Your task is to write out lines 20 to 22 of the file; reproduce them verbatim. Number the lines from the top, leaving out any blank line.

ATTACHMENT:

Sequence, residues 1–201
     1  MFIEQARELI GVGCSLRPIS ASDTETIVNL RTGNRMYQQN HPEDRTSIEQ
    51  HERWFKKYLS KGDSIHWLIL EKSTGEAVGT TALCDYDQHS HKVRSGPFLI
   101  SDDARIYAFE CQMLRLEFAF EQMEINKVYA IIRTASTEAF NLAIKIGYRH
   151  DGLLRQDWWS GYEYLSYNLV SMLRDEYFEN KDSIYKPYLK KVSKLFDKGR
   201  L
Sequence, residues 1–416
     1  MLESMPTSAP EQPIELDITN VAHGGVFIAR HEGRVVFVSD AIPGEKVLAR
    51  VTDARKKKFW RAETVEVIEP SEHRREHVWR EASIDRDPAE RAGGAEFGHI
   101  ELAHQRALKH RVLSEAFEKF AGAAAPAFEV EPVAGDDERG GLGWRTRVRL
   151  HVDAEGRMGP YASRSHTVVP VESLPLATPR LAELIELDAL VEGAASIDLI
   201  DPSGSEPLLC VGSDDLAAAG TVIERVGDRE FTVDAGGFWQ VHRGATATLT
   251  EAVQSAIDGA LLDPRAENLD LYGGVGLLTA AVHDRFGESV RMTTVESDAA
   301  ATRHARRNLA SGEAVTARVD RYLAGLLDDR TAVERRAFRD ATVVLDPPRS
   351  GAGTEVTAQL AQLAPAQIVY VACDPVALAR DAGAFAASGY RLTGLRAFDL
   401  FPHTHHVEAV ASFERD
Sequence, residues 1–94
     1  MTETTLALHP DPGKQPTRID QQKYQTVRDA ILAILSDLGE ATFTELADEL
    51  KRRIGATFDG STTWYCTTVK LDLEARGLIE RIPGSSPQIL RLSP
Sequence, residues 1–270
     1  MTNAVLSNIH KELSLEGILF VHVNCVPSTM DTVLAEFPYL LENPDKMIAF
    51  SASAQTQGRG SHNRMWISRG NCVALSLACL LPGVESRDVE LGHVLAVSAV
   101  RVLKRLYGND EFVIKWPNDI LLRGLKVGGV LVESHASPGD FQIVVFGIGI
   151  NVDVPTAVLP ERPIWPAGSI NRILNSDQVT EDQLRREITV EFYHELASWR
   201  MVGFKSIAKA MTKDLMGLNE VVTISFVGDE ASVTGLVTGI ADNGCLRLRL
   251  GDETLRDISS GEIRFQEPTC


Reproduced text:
Sequence, residues 1–270
     1  MTNAVLSNIH KELSLEGILF VHVNCVPSTM DTVLAEFPYL LENPDKMIAF
    51  SASAQTQGRG SHNRMWISRG NCVALSLACL LPGVESRDVE LGHVLAVSAV